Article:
NY Times slags documentary suggesting second RFK shooter
On the 40th anniversary of Robert F. Kennedy's death, there appears to be fresh interest in the circumstances of his murder. The Los Angeles Police Department recently released a set of photographs showing several men struggling with assassin Sirhan Sirhan after Kennedy's shooting, but these add little to the unresolved questions about the killing.
Shane O'Sullivan, the producer of a recent documentary on the assassination, told CNN, "There hasn't really been a serious re-investigation of the ballistics in this case since 1975. ... There's new audio evidence .. which suggests that 13 shots were fired, eight from the front ... and five from the back."
O'Sullivan's film, RFK Must Die: The Assassination of Bobby Kennedy, came out last year and is now available on DVD but is also getting a wider theatrical release. It draws on ballistic evidence, rare footage of events, and interviews with eyewitnesses to suggest that convicted assassin Sirhan Sirhan could not have acted alone. However, O'Sullivan's most controversial claim is that several CIA operatives were present when RFK was shot.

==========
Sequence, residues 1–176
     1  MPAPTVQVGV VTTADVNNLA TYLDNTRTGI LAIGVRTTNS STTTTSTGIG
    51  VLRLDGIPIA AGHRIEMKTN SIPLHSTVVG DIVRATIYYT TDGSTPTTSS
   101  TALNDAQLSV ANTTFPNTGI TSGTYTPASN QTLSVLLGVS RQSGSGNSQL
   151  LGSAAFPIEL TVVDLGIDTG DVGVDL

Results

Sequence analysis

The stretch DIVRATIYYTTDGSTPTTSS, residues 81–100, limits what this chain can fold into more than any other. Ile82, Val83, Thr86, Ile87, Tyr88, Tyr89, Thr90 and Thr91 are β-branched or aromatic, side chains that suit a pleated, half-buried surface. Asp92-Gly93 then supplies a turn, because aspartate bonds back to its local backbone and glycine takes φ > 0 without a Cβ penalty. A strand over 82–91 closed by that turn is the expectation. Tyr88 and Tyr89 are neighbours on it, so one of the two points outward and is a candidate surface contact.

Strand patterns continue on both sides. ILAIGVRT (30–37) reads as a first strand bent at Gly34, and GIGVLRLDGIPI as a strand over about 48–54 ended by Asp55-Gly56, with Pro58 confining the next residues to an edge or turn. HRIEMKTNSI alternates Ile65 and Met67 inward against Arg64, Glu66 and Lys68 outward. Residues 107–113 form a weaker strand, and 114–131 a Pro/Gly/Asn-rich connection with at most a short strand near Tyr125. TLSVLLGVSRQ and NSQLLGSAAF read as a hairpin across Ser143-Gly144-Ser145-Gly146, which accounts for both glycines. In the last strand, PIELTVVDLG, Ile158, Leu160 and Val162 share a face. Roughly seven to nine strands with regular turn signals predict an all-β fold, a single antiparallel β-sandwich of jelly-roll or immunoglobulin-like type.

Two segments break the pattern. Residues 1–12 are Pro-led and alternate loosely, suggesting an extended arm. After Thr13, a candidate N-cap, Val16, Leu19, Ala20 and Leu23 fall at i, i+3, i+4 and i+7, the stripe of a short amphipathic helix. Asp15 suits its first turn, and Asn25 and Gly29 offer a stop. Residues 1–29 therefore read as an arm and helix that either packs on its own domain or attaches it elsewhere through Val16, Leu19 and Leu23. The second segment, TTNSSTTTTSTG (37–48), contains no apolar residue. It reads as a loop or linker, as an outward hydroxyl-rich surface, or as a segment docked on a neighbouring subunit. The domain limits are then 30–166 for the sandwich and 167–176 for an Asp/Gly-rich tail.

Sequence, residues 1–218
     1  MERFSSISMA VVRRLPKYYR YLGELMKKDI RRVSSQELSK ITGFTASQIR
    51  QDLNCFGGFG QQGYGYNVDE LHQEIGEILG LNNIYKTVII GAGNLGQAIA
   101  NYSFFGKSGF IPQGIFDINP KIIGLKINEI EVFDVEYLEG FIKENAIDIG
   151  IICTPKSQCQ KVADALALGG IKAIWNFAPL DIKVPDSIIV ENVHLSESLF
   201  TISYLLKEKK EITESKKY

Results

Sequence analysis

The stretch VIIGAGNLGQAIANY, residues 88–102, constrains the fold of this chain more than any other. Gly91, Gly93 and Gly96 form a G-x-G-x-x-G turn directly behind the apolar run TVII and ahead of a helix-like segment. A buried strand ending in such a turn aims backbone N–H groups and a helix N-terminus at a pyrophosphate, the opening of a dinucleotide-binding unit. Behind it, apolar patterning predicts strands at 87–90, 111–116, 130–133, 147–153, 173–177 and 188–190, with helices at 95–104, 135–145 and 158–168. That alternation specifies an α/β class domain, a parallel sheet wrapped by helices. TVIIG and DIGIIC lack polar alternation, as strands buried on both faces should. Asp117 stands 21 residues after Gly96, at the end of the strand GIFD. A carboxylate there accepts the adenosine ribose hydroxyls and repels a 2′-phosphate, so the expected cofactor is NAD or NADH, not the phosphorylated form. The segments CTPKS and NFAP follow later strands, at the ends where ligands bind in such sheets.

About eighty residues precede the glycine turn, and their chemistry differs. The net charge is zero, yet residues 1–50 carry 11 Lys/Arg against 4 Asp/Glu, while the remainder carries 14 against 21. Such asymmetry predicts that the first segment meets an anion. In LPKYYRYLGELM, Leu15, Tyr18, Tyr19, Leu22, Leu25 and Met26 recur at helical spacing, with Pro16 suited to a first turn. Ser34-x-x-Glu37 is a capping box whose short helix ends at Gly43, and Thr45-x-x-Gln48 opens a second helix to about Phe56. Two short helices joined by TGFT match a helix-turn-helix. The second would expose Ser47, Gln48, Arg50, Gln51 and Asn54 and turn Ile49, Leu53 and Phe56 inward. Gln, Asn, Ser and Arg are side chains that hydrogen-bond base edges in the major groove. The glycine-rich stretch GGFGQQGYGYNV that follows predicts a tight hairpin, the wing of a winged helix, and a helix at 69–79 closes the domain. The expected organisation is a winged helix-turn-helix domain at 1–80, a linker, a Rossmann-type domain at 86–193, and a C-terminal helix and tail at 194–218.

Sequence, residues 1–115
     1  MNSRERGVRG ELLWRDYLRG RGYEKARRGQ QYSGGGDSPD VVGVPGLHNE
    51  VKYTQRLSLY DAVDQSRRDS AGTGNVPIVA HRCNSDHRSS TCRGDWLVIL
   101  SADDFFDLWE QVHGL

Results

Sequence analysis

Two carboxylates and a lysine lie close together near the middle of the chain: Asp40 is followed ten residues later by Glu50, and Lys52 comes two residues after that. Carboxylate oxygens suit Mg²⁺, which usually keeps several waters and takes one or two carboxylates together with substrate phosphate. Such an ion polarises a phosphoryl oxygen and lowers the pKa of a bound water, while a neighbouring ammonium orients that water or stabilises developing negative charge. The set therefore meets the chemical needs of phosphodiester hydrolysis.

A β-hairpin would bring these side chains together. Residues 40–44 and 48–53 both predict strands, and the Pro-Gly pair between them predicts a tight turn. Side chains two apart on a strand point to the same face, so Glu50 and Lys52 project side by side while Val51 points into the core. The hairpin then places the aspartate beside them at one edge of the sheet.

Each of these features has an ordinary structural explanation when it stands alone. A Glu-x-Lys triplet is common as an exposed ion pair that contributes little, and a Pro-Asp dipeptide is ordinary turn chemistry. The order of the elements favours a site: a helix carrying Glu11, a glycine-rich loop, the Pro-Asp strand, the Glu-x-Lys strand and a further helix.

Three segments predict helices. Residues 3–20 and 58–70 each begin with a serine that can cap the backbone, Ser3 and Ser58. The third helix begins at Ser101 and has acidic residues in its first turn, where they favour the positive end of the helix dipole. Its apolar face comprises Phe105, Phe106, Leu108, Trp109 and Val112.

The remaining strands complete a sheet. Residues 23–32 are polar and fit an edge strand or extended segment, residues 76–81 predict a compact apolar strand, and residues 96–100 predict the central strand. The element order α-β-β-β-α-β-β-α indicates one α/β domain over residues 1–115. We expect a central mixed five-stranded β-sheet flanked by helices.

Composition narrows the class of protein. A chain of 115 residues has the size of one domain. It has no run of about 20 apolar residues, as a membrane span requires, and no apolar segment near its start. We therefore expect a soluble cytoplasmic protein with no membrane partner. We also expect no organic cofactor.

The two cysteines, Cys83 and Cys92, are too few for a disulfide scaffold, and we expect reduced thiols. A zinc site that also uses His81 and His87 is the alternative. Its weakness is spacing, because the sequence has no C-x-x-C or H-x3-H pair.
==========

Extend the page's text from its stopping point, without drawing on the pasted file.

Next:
The New York Times calls RFK Must Die "a conspiracy-addled trudge through the Ambassador Hotel’s most fateful event" and charges that O'Sullivan "chases one shard of 'evidence' after another — a second gunman, a girl in a polka-dot dress — without bothering to arrange them in any coherent pattern."
However, a more sympathetic review emphasizes that even though the film often seems to be "grasping at straws," it still deserves attention because "where O'Sullivan and his documentary shines is in the forensics pathology portion of the case. The LAPD discovered odd angles of trajectory, possible powder burn marks, additional bullet holes, and several other evidentiary defects that would cause even the most rationally minded CSI soaked individual concern."
Kennedy's former legislative assistant, Peter Edelman, told CNN, "We don't know exactly what happened, still. There are so many mysteries in history."
However, Robert Kennedy's daughter, Kathleen Kennedy Townsend, sees no reason to dwell on the events of forty years ago. She told CNN, "You can't recreate the past. You have to create your future. So focus on what my father's legacy is."
This video is from CNN's American Morning, broadcast June 6, 2008.